Adapting to higher education: The identity struggle

Reading Time: 6 minutes

From Cogswell Polytechnical College in San Jose, California, Dr. Deborah Snyder and John Duhring, authors of a new higher education series in advance of their upcoming book, tentatively titled “Old School, New School, No School,” provide a new perspective on what higher education means and how it can be more effectively experienced across the globe. This column also appears in “View from the US.”

This segment focuses on the range of students that arrive at college, many of which may fail and drop out without discovering the true meaning of higher education.

By Deborah Snyder, PhD and John Duhring, Cogswell Polytechnical College, San Jose, California

Library

 

The interplay between students and how they adapt with each other within their physical environment forms the basis for higher education. Think of it as a cultural petri dish where all manner of things are being tried, new perceptions are being explored with colleagues and new endeavors are being put into play. What survives and flourishes, what takes off, brings with it growth. New life forms are generated, of only temporarily. Learning is a byproduct. Students become adapt at playing new roles, working with new colleagues and new tools to affect some outcome together. As entrepreneurship programs take hold around the world, one experienced teacher even describes the accelerated startup as the new business school.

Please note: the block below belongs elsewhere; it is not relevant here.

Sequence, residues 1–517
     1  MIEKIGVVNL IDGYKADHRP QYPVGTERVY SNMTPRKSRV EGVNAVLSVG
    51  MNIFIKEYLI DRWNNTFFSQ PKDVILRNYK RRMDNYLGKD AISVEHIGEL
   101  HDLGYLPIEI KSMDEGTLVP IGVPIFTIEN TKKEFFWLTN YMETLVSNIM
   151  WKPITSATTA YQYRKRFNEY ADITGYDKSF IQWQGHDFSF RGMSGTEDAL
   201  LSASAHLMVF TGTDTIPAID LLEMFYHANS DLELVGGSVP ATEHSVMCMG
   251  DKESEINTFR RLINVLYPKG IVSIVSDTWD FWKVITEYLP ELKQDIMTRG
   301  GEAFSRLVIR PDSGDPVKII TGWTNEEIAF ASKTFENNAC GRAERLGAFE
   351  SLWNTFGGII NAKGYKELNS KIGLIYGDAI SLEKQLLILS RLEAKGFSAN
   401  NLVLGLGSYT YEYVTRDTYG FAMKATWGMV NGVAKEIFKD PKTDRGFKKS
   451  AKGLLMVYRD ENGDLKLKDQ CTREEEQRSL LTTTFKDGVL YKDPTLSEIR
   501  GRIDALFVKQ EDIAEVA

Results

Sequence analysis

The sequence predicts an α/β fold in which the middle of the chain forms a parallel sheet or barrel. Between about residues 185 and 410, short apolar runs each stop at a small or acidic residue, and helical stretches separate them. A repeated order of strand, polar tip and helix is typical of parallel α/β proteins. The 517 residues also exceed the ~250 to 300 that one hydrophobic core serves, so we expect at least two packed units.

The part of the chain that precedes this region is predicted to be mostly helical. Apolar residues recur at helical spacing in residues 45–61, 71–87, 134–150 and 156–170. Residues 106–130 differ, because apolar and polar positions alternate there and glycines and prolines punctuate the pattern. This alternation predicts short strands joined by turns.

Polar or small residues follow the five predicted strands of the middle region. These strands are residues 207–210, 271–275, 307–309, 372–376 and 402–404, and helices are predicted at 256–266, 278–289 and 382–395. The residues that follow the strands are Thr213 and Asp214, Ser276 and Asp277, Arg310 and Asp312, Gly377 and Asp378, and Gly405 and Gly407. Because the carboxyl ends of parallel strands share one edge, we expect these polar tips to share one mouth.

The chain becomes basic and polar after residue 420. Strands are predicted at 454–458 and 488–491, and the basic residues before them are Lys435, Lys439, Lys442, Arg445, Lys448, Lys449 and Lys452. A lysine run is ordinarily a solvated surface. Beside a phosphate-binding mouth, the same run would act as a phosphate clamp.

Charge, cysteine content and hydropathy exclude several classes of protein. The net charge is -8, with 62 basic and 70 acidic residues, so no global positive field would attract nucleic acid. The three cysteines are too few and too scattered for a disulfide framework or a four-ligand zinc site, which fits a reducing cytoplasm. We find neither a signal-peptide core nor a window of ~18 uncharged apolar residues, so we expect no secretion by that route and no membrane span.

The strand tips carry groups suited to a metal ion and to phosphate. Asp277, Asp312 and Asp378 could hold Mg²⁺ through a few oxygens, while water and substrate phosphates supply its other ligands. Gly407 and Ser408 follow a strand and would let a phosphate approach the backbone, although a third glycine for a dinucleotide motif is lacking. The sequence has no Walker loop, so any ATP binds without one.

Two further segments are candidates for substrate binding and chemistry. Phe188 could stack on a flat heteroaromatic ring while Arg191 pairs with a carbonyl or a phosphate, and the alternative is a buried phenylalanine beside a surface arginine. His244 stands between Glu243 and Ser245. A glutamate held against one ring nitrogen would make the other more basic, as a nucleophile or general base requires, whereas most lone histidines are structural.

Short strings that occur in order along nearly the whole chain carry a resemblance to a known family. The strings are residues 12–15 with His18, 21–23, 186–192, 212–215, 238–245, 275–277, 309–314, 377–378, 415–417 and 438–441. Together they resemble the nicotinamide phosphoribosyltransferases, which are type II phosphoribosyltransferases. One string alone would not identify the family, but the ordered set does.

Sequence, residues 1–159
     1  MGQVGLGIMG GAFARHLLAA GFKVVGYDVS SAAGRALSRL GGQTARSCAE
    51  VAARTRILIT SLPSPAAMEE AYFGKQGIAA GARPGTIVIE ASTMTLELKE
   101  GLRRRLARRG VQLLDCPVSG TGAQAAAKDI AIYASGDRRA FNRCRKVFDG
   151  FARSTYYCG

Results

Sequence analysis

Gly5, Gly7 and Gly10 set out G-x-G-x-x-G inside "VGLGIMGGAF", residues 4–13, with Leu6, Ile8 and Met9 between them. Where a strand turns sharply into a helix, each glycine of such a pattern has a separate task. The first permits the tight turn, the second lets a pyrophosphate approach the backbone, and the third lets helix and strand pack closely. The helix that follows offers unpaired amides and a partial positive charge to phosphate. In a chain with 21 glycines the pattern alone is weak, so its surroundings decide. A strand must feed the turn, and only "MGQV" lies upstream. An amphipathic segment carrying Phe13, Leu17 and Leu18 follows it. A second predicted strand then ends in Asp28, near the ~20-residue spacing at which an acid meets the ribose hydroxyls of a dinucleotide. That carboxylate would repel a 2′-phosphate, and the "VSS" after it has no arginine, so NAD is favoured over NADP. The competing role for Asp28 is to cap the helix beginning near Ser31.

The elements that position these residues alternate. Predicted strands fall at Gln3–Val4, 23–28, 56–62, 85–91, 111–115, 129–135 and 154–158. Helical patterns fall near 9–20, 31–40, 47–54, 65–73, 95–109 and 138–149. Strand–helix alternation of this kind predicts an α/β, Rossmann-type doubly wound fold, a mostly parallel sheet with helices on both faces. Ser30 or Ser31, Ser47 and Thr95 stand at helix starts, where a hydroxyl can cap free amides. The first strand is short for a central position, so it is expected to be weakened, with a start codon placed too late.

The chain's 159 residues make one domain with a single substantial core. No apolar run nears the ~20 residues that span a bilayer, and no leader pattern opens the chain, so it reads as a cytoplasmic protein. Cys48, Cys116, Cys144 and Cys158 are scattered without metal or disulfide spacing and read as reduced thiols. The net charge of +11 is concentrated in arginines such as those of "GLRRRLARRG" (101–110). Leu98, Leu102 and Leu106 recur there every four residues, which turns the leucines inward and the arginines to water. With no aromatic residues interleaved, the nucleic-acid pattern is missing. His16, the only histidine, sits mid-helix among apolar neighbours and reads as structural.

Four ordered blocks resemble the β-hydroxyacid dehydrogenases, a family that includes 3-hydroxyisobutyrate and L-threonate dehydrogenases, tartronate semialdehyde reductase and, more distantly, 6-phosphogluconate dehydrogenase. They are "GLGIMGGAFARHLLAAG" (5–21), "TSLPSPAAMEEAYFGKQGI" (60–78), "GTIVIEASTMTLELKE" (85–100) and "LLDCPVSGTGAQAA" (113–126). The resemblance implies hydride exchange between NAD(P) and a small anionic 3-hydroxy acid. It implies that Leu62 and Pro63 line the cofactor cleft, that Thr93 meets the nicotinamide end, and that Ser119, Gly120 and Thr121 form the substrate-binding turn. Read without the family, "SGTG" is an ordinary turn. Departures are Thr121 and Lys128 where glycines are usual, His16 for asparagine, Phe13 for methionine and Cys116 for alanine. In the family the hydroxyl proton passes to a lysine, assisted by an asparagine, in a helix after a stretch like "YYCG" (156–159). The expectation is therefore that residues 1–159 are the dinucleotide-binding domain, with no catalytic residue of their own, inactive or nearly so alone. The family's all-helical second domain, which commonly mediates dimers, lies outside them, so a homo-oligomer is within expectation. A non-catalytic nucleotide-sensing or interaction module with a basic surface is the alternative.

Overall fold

Peers And Playing With Identity

Long gone are the days of farm children growing up in one room school houses, which were the norm in the late 1800s. Taken in context of industrialization, rural families sought to prepare their children for life beyond the farm, which in those days meant “behind a desk”. The best students would become managers, processing forms and directives. The less academically inclined students would work with their hands.